18 August 2006
One of the blogs I read, Everyday Mommy, has a weekly feature called Everyday Things. Things that we take for granted, but shouldn't. Here's mine.
Waking up in the morning with my whole family under one roof. Jon returned this morning from a week-long business trip to the States. He doesn't travel as much as he used to, but I always miss him when he's gone and relieved when he comes home.
I don't complain (much!) about his traveling, not like I did before we moved. I'm surrounded by families whose husbands or wives are deployed to dangerous places. For months and months. They have to get to know their children again when they get back. So, I try not to complain about my husband spending a week in the States.
And I am even more thankful on Saturday mornings, when Katrina wakes up, calls for Papa, and he's here.
16 August 2006
When Jon's away, I generally supplement our "God is Great" prayer at dinner with a little prayer for Papa on his trip. The other night, Katrina insisted on praying. Here is what she said:
"Dear God, Thank you for princesses and queens and kings. Please keep Papa safe from bad guys. Seahorses are really pretty and I'd like to give you a present. Amen."
09 August 2006
Yes, we're still here. We've had a month of houseguests and are now in the second week of The Month With No Preschool (and No Doting Grandparents). Just introverted me and my extroverted daughter. All day. Every weekday.
Um, she's probably watching a leetle more TV and playing a just a little more on the computer than usual. Just a little. Hey, it's summer vacation.
Coincidentally, I'm not blogging much. My brain and any desire to, well, talk or communicate in any way shuts down about...now.
The good news is that the record-breaking heat wave has passed, at least for now. July was the hottest in Germany since 1994. The last week or so has been a breath of fresh air, or rather, of autumn air. Love it. Highs in the 60s to 70s, clouds and a few rainy days. The temps may be on their way up again, but we're enjoying the coolness for now.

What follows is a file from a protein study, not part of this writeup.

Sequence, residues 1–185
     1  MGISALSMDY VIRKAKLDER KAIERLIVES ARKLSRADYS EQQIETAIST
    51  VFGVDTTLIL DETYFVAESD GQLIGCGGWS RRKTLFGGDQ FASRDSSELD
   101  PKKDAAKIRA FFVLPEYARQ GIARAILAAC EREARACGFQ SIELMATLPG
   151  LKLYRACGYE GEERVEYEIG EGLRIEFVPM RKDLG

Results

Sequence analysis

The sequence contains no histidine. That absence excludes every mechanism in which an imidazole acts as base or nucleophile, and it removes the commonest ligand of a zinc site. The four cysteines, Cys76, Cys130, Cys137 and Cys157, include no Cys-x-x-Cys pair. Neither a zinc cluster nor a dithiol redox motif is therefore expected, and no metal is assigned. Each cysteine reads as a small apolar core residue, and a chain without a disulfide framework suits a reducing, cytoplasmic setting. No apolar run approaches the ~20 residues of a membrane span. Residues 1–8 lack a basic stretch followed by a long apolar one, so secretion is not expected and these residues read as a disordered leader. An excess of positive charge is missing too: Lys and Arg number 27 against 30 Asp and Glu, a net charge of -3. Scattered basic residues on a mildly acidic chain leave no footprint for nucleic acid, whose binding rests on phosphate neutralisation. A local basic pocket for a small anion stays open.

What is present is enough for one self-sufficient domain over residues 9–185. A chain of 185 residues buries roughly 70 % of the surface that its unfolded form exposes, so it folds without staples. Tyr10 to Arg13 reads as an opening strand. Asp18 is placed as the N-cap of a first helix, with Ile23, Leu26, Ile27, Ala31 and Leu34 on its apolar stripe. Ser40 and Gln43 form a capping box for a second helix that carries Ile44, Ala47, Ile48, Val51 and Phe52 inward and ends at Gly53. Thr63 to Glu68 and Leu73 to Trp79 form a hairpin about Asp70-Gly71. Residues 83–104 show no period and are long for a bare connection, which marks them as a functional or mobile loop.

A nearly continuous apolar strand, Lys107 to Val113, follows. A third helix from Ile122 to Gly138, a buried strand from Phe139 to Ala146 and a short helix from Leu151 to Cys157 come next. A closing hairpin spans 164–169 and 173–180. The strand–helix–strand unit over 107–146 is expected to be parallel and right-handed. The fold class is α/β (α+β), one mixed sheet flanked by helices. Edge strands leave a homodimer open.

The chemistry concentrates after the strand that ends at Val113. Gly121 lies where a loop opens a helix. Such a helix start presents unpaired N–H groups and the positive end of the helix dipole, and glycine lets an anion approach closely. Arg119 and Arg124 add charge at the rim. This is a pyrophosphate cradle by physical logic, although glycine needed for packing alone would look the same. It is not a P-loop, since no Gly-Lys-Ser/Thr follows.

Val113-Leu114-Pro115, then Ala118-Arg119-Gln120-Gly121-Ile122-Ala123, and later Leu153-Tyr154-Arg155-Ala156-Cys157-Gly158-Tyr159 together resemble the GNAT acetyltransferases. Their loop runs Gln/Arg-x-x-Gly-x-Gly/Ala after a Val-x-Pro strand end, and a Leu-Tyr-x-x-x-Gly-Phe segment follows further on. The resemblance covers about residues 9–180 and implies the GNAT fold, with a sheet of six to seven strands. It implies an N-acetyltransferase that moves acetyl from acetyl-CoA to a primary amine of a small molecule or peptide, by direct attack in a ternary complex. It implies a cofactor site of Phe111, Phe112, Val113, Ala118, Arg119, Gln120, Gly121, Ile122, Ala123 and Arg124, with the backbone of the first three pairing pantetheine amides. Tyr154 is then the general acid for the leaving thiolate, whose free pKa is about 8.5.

Thank goodness. It was too hot to play outside at all there for awhile, unless you were swimming. This week has been playground week! Exercise for all! No unflattering swimsuits, just endless pleas of "Mama, chase me! Play tag, Mama! Be the evil monster! Be the evil queen and I'm the princess!"
For some reason, Katrina has stopped approaching random kids at the playground with the confidence and panache that I've come to expect and admire. I don't know if it's just that she's older and beginning to comprehend some risk of rejection, or if she's just wanting to stay closer to me than usual. If there are kids there that she knows, she's fine. But unless some other kid comes up to her, she's suddenly reluctant to approach them.
Now, I totally understand not initiating contact. It's not like that's something I ever did as a child. It's just a change in Katrina.
Tangentially related is an article I came across online. Please, if you worry that I (or anyone you know and love) am too quiet, spend too much time alone, don't talk to you enough, etc., read this.
Here's a few sentences to get the flavor. The author (Jonathan Rauch) writes:
Extroverts are easy for introverts to understand, because extroverts spend so much of their time working out who they are in voluble, and frequently inescapable, interaction with other people. They are as inscrutable as puppy dogs. But the street does not run both ways. Extroverts have little or no grasp of introversion. They assume that company, especially their own, is always welcome. They cannot imagine why someone would need to be alone; indeed, they often take umbrage at the suggestion. As often as I have tried to explain the matter to extroverts, I have never sensed that any of them really understood.
Also, check out Newsweek's Anna Quindlen: Live Alone and Like It.
And now, I am all communicated out. But before I go, I give you Katrina...songwriter and extemporaneous lyricist extraordinaire. This is what we heard from the back seat as we drove to church on Sunday:
"Jesus loves me this I know,
But he died
'Cause bad guys made him get dead...
Yes, Jesus died,
yes, Jesus died,
yes, Jesus died,
The Bible tells me so."
We DID tell her about, you know, the resurrection and all. Do you think she'd get the concept if I compared Easter to the Snow White or Sleeping Beauty stories? Or would lightning strike before I finished the explanation?